EMBARGOED FOR RELEASE
5:00 a.m. ET, August 23, 2022
Contact: Tania Stewart
email@example.com | 864-356-1320
Washington, D.C. – The Council on Criminal Justice (CCJ) today announced the launch of a national commission to examine why so many military veterans land in jail and prison and produce recommendations for evidence-based policy changes that enhance safety, health, and justice.
Chaired by former U.S. Defense Secretary and U.S. Senator Chuck Hagel, the nonpartisan Veterans Justice Commission also includes former defense secretary and White House Chief of Staff Leon Panetta, a former Sergeant Major of the Marine Corps, the chief justice of the Georgia Supreme Court, two formerly incarcerated veterans, and other top military, veterans, and criminal justice leaders. Over the next two years, the 15-member Commission will conduct research and gather testimony to assess:
- the extent and nature of veterans’ involvement in the criminal justice system, and risk factors that drive it;
- the adequacy of transitional assistance for veterans as they reenter civilian life, and what strategies could better prevent justice-system involvement; and
- the nature and effectiveness of the justice system response when veterans break the law, and what other interventions could, or should, occur.
“Criminal justice reform has received significant bipartisan attention in recent years, but the issue of how the system manages the men and women who have served our country has been almost totally absent from the national conversation,” said Hagel, a decorated Vietnam veteran and former U.S. senator from Nebraska who served as defense secretary in the Obama Administration. “Service-related trauma and other legacies of deployment push too many veterans on a path toward incarceration. We can and must do more to understand and interrupt that trajectory.”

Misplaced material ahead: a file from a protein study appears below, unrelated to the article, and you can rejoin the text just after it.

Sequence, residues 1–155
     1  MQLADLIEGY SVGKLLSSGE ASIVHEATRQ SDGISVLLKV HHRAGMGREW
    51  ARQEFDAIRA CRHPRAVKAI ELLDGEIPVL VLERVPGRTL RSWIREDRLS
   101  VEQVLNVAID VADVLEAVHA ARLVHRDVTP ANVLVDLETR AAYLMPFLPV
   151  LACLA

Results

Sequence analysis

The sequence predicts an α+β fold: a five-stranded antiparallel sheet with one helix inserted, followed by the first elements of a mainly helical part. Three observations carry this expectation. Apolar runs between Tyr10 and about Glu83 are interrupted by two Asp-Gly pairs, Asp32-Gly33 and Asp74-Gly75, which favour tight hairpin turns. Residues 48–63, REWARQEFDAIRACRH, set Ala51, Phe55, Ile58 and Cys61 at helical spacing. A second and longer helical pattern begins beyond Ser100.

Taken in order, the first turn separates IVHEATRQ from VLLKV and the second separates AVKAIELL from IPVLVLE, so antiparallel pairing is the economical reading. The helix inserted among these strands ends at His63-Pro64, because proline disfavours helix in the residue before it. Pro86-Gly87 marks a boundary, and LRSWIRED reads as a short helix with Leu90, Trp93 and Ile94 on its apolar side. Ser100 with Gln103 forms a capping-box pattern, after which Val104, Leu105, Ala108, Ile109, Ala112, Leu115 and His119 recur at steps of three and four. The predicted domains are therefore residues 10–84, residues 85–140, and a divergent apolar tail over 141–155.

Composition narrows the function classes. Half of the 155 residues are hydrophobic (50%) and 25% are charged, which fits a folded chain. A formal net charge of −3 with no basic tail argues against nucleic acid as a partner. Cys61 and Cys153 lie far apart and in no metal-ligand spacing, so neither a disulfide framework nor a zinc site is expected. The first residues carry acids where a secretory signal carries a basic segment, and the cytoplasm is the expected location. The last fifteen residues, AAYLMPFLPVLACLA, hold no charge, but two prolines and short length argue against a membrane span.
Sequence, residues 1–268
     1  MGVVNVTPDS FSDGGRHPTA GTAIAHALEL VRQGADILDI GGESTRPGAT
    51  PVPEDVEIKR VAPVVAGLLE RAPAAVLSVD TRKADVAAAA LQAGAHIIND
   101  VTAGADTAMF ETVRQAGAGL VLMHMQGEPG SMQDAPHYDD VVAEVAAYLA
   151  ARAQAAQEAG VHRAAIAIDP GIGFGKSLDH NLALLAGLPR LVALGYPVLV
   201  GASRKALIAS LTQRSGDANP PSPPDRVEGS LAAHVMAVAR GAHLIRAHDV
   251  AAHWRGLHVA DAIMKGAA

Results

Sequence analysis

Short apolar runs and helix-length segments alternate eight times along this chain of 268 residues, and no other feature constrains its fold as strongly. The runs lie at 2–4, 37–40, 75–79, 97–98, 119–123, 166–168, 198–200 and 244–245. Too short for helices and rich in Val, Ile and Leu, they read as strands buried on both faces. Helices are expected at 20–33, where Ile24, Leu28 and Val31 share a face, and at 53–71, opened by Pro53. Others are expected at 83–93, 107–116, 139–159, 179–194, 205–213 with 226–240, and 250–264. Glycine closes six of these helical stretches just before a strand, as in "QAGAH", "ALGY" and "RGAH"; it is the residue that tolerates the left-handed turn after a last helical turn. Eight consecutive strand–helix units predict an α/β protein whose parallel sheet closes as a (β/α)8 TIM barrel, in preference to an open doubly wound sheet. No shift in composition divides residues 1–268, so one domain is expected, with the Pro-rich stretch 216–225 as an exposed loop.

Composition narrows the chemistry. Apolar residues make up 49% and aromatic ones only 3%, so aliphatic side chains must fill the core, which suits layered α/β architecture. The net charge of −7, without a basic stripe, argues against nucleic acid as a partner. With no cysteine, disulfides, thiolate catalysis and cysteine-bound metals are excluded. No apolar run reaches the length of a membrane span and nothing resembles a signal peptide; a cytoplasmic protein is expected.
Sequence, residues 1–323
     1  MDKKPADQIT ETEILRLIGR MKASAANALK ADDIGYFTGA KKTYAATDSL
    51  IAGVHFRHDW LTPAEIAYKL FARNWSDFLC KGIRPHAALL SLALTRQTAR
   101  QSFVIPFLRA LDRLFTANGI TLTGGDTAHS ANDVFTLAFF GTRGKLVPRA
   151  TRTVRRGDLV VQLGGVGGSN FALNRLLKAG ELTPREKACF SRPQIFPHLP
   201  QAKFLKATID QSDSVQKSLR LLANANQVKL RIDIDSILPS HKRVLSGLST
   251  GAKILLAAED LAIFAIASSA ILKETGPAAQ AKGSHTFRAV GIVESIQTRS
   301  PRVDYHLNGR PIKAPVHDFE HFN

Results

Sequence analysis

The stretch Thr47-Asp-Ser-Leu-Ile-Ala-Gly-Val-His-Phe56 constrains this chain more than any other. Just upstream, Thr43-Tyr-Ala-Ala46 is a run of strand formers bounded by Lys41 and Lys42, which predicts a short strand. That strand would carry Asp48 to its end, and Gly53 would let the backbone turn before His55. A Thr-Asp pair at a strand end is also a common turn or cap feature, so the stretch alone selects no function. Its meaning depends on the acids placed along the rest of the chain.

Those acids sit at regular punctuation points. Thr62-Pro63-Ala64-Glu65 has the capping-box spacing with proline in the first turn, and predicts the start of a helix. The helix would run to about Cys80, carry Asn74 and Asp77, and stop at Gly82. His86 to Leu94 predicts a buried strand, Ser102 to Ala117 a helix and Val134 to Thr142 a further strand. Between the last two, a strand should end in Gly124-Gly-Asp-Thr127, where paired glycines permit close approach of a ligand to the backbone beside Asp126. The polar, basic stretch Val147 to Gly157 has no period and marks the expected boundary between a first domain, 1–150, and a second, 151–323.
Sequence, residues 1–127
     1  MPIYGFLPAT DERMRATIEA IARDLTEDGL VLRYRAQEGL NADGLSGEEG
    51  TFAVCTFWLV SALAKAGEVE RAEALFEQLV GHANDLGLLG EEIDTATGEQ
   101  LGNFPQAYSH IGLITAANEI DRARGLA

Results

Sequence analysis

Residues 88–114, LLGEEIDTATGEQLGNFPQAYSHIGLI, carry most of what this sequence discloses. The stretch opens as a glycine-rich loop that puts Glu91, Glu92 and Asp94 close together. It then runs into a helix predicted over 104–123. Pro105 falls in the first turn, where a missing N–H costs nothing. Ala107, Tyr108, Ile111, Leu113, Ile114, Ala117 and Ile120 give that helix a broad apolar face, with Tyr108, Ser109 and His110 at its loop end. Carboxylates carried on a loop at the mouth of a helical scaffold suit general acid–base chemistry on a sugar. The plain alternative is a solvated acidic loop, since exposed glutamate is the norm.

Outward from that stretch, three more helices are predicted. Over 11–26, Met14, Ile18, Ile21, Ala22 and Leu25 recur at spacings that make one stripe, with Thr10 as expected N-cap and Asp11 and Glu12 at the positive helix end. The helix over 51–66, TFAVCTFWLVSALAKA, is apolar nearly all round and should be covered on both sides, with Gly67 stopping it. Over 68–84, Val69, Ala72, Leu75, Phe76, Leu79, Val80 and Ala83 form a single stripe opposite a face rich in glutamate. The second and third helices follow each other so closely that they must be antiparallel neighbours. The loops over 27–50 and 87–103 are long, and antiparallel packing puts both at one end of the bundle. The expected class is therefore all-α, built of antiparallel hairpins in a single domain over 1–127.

Roughly 200,000 active-duty service members leave the armed forces each year. Most transition successfully, demonstrating resilience amid a wide range of risk factors and obstacles. Others, however, struggle with mental health challenges, substance abuse, homelessness, and criminality.
Roughly one third of veterans report having been arrested and booked into jail at least once in their lives, compared to fewer than one fifth of non-veterans. According to the most recent national survey, a total of 181,500 veterans were in U.S. prisons and jails.
The reasons underlying veterans’ justice-system involvement are complex, ranging from combat-related risk factors to “bad-paper” discharges that bar VA benefits such as access to mental health and substance abuse treatment, ineffective procedures to identify veterans upon arrest, and inconsistent diversion mechanisms. Once in the system, many veterans do not receive targeted support to address their conditions, reducing the likelihood of successful reentry.
These and other challenges are summarized in an initial assessment report to the Commission and a video, both of which were also released today.
The Commission director is Army Col. Jim Seward, an Afghanistan veteran who led development of criminal and juvenile justice reforms as general counsel for South Dakota Gov. Dennis Daugaard.